As Ron Paul currently fends off the recurring problem of his eponymous racially-charged early-90s newsletters, pro-Paul superPAC RevolutionPAC has released an ad that pushes back against the notion that their candidate is a racist. The ad, entitled “The Compassion of Dr. Ron Paul,” tells the tale of an interracial couple who were refused medical care in the early 70s, until Dr. Paul stepped in. It’s a compelling spot, but the Ron Paul of that anecdote isn’t mutually exclusive with the newsletter guy.
James Williams of Matagorda County, Texas recounts a touching true story. Living in a still prejudice Texas In 1972, his wife had a complication with her pregnancy. No doctors would care for her or deliver their bi-racial child. In fact one of the hospital nurses called the police on James.
Dr. Ron Paul was notified and took her in, delivering their stillborn baby. Because of the compassion of Dr. Ron Paul, the Williams’ never received a hospital bill for the delivery.
Ron Paul views every human being as an unique individual, afforded the rights endowed by our creator and codified in the Bill of Rights.
The spot packs an emotional punch, but it ignores one of the more complex facets of race, which is that it is possible for people we love and respect to have (or to have had, or to have tolerated) repugnant views on race. People who think that black people are mostly criminals (or insert stereotype of your choice) have no problem being nice to “one of the good ones.”
Those newsletters have raised a lot of questions. He has made many contradictory statements about the newsletters, but his explanation (he used to think it was preferable to defend the newsletters, rather than admit he hadn’t written them) is reasonable enough if you’re inclined to give him the benefit of the doubt. The truth is probably a lot more complicated.
It’s easy to forget that the early 90’s were not a great time for race relations in this country. The Rodney King riots and the O.J. Simpson case exposed the raw nerves that wrap around racial faultlines in this country, and there was a lot more comfort, then, with expressions of racial resentment, usually couched in statistical “reality,” as with this Paul explanation that Dave Weigel dug up:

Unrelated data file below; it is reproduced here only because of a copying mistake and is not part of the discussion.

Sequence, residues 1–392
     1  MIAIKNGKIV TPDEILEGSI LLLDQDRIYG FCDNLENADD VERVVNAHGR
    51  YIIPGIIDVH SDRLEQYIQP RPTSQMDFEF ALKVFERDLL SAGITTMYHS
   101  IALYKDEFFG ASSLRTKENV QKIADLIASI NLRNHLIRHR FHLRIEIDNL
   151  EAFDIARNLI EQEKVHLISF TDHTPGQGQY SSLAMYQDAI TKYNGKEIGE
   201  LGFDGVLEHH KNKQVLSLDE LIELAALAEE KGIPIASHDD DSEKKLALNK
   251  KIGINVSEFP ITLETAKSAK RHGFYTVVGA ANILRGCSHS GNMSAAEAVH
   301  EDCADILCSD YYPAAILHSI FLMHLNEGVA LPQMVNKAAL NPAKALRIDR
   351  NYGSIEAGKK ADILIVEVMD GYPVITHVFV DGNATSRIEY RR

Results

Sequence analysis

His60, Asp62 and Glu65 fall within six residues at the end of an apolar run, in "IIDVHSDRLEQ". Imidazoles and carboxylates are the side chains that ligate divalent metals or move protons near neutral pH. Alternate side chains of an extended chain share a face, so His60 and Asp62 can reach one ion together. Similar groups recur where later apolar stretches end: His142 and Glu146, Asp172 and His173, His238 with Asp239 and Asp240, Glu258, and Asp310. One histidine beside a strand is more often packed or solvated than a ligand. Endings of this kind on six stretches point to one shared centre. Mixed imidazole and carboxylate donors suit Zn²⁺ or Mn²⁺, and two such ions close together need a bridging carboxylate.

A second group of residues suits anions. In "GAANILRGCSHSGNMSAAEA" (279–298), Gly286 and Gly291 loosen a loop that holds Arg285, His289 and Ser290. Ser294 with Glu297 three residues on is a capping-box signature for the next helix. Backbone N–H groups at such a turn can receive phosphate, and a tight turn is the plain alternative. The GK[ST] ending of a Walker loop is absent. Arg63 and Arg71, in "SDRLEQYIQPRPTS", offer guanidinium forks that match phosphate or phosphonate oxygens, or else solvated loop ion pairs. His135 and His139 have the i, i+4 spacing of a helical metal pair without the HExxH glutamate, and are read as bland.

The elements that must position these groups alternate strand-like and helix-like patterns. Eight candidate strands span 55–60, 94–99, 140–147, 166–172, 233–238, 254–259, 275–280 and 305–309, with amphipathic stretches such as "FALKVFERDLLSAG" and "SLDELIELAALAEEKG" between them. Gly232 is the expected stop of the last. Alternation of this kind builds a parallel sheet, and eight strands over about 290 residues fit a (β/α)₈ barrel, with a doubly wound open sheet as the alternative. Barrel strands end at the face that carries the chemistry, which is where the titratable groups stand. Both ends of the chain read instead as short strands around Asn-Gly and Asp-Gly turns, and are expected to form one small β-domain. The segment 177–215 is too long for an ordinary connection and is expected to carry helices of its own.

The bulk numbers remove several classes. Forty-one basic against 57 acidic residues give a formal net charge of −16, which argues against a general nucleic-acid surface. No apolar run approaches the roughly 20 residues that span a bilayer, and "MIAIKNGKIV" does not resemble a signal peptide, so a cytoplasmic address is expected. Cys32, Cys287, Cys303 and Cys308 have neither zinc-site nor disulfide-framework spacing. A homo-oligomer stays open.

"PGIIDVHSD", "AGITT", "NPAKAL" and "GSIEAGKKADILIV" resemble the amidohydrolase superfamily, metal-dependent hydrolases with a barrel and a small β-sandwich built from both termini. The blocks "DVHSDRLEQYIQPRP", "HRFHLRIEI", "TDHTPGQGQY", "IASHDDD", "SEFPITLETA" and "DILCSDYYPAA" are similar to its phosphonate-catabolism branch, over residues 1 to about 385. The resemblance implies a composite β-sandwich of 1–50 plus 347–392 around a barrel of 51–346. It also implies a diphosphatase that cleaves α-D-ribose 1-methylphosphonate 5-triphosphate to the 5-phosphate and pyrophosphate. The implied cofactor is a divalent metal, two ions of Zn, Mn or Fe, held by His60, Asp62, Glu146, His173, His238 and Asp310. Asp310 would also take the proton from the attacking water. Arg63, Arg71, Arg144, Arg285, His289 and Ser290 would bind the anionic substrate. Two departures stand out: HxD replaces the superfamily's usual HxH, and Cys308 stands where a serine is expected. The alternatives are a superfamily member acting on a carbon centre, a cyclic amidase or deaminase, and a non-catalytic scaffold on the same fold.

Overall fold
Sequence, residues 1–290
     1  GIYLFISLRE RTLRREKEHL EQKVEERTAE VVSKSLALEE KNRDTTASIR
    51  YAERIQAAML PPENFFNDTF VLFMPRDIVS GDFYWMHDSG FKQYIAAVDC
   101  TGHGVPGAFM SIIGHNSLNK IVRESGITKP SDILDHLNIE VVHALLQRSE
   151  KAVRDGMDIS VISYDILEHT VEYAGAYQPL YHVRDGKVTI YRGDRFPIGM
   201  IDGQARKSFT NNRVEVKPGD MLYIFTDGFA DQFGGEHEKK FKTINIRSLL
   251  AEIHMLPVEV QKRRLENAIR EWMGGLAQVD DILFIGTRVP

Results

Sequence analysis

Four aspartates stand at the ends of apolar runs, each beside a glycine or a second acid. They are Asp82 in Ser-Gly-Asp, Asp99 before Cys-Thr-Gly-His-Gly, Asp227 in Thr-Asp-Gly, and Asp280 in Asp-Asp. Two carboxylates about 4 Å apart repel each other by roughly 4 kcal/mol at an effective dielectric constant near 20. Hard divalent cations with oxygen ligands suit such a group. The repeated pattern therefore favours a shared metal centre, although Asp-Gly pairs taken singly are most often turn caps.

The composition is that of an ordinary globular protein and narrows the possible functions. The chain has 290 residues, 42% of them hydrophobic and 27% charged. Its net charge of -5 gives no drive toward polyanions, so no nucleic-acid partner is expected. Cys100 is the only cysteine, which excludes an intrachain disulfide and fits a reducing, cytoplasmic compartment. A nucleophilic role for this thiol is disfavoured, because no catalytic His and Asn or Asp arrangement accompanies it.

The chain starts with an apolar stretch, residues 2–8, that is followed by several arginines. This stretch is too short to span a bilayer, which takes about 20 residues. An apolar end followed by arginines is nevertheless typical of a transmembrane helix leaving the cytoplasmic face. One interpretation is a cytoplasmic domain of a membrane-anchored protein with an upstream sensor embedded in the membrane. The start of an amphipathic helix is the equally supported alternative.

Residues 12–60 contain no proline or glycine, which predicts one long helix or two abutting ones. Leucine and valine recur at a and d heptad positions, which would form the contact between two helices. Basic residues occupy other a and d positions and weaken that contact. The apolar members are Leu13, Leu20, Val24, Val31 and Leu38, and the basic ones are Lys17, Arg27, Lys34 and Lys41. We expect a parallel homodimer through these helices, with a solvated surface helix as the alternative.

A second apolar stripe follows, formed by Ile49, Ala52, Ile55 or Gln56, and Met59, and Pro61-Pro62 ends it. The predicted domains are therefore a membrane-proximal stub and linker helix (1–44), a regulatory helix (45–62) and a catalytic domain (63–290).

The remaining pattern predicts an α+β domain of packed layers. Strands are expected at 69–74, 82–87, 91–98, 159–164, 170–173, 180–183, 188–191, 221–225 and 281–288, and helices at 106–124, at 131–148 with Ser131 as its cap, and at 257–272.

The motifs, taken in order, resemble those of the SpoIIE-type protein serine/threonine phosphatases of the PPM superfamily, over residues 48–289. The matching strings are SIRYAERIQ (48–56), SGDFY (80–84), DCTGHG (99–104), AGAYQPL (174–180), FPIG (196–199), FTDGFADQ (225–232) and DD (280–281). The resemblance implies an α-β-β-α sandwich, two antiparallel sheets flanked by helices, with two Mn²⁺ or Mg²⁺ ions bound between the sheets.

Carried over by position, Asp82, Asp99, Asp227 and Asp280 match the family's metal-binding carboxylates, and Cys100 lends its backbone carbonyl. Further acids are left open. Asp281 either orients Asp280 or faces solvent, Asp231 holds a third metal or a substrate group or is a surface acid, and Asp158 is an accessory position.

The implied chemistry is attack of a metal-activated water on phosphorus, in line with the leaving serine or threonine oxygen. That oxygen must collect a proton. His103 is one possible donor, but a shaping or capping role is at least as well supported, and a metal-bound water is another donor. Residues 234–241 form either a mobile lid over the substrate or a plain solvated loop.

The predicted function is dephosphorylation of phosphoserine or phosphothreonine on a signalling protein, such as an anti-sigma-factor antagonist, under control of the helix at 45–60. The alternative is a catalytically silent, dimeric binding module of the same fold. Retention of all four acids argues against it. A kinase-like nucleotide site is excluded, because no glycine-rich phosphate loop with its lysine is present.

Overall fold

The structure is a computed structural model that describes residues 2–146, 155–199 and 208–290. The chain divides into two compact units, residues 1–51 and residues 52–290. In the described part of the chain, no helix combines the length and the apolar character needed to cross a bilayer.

He also said the comment about black men in the nation’s capital was made while writing about a 1992 study produced by the National Center on Incarceration and Alternatives, a criminal justice think tank based in Virginia.
Citing statistics from the study, Dr. Paul then concluded in his column: Given the inefficiencies of what DC laughingly calls the criminal justice system, I think we can safely assume that 95 percent of the black males in that city are semi-criminal or entirely criminal.”
“These aren’t my figures,” Dr. Paul said Tuesday. “That is the assumption you can gather from” the report.
Was Dr. Paul making an ignorant argument to cover up the fact that he didn’t write the newsletters, or was he really that ignorant? The answer hardly makes a difference. As the Williams’ story attests, ignorant people can do decent things, and can be otherwise decent people. Racism, ironically, isn’t a black-or-white phenomenon, it’s a spectrum disorder. You can be rightly enraged by “miscegenation” prejudices, yet still be convinced of a black tendency toward criminality. If you’re going to fit every white person who’s ever been scared of black people with a Klan outfit, just give me a few minutes to buy some stock in Linens ‘N Things.
What’s really confounding about Ron Paul, though, is that he also has a profound understanding of the racism embedded in our criminal justice system. A friend of mine forwarded this video to me, in which Paul makes several compelling arguments about race and justice. They can be viewed cynically as an attempt at damage control, but that’s not how it strikes me:
Just as with his ersatz plan for ending slavery, Ron Paul’s heart seems to be in the right place, even if his head isn’t always. His prickly reaction to the latest round of questions on the newsletter controversy seems to indicate that he doesn’t feel like he’s getting the benefit of the doubt, and perhaps he’s right. It’s possible, even likely, that if he came clean about the newsletters, the media and his opponents would simply savage him for his trouble. That doesn’t mean he shouldn’t do it. Doing the right thing means facing the music, whether you can dance to it or not.
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